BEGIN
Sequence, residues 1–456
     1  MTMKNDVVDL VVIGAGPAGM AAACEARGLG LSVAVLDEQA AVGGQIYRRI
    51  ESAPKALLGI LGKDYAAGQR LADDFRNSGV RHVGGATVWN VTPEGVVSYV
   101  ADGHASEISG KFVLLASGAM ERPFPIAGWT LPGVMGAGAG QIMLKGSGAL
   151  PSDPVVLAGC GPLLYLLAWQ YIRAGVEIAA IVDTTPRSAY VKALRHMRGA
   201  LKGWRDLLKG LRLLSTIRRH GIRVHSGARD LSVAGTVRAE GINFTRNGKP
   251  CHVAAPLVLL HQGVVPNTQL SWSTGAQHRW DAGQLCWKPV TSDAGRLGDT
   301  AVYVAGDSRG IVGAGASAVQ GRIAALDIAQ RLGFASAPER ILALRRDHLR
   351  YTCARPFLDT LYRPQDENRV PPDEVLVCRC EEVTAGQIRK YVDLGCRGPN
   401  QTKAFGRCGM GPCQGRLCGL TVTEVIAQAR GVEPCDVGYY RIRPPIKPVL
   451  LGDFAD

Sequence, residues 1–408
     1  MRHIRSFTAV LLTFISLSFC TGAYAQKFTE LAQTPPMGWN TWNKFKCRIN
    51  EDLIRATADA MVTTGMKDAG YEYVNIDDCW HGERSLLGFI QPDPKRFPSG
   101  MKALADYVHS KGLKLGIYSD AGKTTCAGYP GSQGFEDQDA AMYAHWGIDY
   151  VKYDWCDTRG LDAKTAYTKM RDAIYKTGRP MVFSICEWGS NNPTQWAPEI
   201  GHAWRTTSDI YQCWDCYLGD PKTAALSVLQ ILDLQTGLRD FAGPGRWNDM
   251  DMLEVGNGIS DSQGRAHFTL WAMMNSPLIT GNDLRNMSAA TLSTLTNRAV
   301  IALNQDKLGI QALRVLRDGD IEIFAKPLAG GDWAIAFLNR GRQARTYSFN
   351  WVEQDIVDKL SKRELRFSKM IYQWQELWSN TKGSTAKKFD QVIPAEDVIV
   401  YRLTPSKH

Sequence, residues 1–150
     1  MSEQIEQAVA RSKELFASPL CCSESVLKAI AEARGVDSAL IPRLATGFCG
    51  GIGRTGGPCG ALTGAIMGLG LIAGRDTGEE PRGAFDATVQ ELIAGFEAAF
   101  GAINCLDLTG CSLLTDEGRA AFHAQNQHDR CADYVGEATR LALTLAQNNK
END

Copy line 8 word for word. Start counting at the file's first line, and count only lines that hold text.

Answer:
   301  AVYVAGDSRG IVGAGASAVQ GRIAALDIAQ RLGFASAPER ILALRRDHLR